March 18, 2004 by

Mercedes McCambridge

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Categories: Actors, Hollywood, Media, Writers/Editors

mmccambridge.jpgCarlotta Mercedes Agnes McCambridge, who Orson Welles once called “the world’s greatest living radio actress,” died on March 2 from natural causes. She was 87.
Born in Joliet, Ill., McCambridge graduated from Mundelein College and signed an acting contract with NBC Radio in Chicago. In her 20s, she moved to New York, where she appeared in several Broadway plays before landing the title role in the radio adaptation of “Abie’s Irish Rose.” She spent several years working with Welles before focusing on her film career.
McCambridge’s radio-trained voice served her well in Hollywood. She acquired a reputation as an outspoken woman with a talent for playing strong-willed characters. She made her screen debut in the 1949 film “All the King’s Men,” a role that earned her an Academy Award for best supporting actress. Broderick Crawford, who played the lead in the film, won the best actor Oscar; the drama also won for best picture. That same year, McCambridge won a Golden Globe for Best Supporting Actress and another for Most Promising Newcomer-Female.
Despite such critical acclaim, McCambridge had trouble finding good roles because her severe appearance didn’t fit the glamour girl image that was popular in many postwar films. However, she chose her future projects wisely, acting in “Giant, (for which she earned a second Oscar nomination for best supporting actress), “A Farewell to Arms” and “Touch of Evil.”
In 1973, McCambridge put her talents to the test by taking on the voice-over role of The Demon in the classic horror flick, “The Exorcist.” Although she didn’t receive credit in the first printing of the movie, The Screen Actors Guild intervened on her behalf and had her name inserted into future printings of the film. She also did numerous guest appearances on TV shows, such as “Bewitched,” “Charlie’s Angels” and “Magnum P.I.” She returned to New York in the 1990s to play the grandmother in Neil Simon’s Broadway hit, “Lost in Yonkers.”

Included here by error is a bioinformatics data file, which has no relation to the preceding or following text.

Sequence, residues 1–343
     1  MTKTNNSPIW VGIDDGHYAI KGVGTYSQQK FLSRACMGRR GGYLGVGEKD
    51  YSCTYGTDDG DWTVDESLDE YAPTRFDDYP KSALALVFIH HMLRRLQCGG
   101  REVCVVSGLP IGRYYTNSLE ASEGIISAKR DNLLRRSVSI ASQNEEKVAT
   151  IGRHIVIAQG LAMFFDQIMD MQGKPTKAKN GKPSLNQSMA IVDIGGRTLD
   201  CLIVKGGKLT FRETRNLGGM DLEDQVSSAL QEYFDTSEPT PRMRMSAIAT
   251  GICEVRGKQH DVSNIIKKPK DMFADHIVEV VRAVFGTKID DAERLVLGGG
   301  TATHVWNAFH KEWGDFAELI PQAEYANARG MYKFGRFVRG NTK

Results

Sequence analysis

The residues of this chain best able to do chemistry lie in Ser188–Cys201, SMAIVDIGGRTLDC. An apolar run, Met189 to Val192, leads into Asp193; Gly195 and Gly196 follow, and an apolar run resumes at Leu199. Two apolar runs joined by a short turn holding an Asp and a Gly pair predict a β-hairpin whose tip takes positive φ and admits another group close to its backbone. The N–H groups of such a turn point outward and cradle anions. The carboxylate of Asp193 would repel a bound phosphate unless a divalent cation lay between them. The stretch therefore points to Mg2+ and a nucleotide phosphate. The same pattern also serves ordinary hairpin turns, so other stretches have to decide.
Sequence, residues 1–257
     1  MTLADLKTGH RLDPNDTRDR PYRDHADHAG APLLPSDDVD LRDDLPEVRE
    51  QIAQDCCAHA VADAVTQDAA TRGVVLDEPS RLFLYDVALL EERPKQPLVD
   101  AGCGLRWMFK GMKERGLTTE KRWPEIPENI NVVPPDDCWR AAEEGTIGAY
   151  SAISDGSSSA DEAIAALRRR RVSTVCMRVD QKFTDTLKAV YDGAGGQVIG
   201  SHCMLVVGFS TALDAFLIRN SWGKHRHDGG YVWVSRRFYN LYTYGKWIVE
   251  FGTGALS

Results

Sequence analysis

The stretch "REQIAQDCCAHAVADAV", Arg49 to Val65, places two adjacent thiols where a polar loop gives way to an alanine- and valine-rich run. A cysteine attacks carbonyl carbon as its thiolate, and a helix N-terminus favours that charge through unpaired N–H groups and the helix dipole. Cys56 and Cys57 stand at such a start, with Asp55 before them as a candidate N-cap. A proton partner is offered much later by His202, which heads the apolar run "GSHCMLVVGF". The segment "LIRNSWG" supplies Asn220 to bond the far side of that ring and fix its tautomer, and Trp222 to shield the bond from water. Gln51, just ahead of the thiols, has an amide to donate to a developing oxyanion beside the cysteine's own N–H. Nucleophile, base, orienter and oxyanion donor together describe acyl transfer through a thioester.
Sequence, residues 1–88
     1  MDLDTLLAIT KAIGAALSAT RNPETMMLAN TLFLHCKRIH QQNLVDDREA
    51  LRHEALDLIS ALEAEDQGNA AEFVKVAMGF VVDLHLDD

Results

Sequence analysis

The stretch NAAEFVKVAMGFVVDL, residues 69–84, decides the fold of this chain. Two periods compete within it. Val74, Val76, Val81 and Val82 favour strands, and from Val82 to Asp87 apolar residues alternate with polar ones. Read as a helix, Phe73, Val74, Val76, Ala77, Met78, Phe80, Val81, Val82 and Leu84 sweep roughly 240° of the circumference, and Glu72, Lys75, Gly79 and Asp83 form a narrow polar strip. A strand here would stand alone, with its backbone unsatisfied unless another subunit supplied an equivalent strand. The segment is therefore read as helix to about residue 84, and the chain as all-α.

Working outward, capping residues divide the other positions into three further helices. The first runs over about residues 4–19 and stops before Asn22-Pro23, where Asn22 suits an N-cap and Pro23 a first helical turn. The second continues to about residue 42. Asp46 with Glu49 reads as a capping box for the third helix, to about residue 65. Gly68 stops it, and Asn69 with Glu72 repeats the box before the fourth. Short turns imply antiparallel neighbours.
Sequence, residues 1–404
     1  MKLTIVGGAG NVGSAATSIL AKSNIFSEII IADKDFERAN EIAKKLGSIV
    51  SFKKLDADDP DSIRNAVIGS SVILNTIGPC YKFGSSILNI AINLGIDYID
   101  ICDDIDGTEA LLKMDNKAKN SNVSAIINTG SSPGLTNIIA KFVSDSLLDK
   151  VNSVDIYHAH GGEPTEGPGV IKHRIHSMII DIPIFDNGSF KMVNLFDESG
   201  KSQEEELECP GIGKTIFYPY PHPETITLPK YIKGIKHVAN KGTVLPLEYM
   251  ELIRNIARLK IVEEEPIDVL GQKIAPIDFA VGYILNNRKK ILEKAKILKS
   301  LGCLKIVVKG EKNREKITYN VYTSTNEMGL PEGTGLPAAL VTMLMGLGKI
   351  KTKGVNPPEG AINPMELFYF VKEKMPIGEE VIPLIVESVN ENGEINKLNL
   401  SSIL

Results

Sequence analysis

Her personal life, which included bouts with alcoholism, two divorces and a son who later killed his wife and children before committing suicide, were chronicled in the autobiographies “The Two of Us” and “The Quality of Mercy.”

One Response to Mercedes McCambridge

  1. Dante's Girl

    I have only ever seen ‘The Exorcist’ but judging from that and what I’ve read and heard about her, I could pretty much guess the range of her talents. I was shocked to hear news of her death and I know she will be sadly missed by many and all who knew her. I would also like to take this time to express my disgust at the fact that she was never given an award for her part in that film. I mean, just because you never saw her in the film, she was still as big-a-part as any of the other actors and actresses in it! (shame, most of all, on Billy Friedkin for commiting so many grievous injustices against this great woman!)

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